Jeremy Roenick doesn’t believe he did anything wrong. He simply believes he is a “sacrificial lamb.”
The former hockey star, who was suspended and then fired as an analyst with NBC Sports after talking about the possibility of having a threesome with co-worker Kathryn Tappen on a podcast, blames his termination on woke culture.
“I gotta be a little bit more aware of the culture that we’re in right now, the things you can say, whether it’s public or whether it’s in a podcast that you’re very comfortable telling stories,” Roenick told TMZ Sports. “Whether they’re your very good friends, like Kathryn is one of my best friends, I’m talking about my wife, I’m talking about trips that we went on. I got too comfortable talking about something that all of us were pretty comfortable talking about. And, I got caught in that. At times, in the culture today you gotta be more aware of your surroundings and people’s feelings, and yeah, I went too far in certain situations.”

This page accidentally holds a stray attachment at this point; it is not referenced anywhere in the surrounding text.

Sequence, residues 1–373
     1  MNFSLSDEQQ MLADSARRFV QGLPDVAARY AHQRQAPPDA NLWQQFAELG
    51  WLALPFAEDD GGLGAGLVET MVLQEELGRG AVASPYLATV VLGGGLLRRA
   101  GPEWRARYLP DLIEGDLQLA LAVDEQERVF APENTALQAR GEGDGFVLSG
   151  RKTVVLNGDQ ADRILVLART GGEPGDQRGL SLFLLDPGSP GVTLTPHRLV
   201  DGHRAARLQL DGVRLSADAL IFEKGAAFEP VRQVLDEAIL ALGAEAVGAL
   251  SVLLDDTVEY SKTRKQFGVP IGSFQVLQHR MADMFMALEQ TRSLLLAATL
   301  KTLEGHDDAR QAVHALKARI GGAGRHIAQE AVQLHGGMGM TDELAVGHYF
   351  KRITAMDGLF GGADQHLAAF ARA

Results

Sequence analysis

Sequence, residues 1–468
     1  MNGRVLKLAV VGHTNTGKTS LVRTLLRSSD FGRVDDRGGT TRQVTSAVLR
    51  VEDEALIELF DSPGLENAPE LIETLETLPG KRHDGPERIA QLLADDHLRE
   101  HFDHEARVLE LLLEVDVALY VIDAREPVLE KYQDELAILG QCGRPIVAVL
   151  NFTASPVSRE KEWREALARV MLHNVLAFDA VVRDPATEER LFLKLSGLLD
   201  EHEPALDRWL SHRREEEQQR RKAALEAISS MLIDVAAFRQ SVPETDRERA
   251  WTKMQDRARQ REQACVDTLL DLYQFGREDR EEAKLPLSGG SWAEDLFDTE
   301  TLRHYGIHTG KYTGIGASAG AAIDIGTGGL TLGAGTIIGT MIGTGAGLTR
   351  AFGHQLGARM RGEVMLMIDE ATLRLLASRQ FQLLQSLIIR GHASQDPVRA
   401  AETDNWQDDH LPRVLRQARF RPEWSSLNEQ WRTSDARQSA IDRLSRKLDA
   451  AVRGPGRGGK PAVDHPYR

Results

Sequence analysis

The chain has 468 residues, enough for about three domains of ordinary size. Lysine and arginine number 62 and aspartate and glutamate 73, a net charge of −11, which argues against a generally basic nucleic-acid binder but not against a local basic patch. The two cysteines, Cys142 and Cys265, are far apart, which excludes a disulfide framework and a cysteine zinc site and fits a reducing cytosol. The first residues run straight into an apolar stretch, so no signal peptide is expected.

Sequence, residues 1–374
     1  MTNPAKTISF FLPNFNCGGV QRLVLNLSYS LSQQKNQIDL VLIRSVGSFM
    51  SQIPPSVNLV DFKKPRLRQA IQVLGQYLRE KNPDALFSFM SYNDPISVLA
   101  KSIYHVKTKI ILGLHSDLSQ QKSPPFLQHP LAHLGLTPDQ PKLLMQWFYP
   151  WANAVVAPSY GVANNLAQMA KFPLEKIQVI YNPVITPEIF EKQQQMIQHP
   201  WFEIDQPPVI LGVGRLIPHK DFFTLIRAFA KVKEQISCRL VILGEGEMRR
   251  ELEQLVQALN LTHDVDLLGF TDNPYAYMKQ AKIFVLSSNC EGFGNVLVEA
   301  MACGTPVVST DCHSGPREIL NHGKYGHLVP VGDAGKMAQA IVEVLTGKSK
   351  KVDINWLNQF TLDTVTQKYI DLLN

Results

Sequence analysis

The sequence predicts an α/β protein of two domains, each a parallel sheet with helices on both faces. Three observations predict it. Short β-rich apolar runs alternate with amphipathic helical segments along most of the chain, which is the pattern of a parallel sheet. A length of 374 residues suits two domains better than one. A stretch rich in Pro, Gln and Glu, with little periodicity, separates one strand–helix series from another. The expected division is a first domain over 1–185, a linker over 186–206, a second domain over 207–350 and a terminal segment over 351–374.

The timing of his firing and past scandals at NBC — most prominently Matt Lauer’s ouster over sexual assault accusations — reinforce Roenick’s belief.
“It’s important to know that at the time nobody thought it was bad what I was saying,” said Roenick, referring to his appearance on the Spittin’ Chiclets podcast. “Nobody took offense to it. Nobody was saying anything on social media. Five days went by. Nothing on ‘Spittin’ Chiclets,’ nothing on my social media, nothing anywhere, nothing.
“Nobody complained until my boss, Sam Flood at NBC, decided that [what I said] wasn’t right, and we all know NBC has made a lot of mistakes covering up things and letting people slide, and all that stuff. I think this was their opportunity to make a statement, have a sacrificial lamb.”
Roenick, who announced his firing on Twitter on Wednesday, claims he can land another job right now.
“I’ve already had 5 or 6 opportunities to go work someplace. This was in within 2 hours of getting fired,” Roenick said. “I think having my own show where I can be me, where I can bring sports and hockey and not be as muzzled, be as opinionated as I possibly can. That’s definitely in the works. There are some really cool platforms out there that I’m looking at, or maybe I might start my own.
“I didn’t like to be muzzled, I didn’t like to be controlled, and unfortunately, NBC tried to do that too much, especially Sam Flood, my boss, tried to control me too much. And, unfortunately, I couldn’t be the real me.”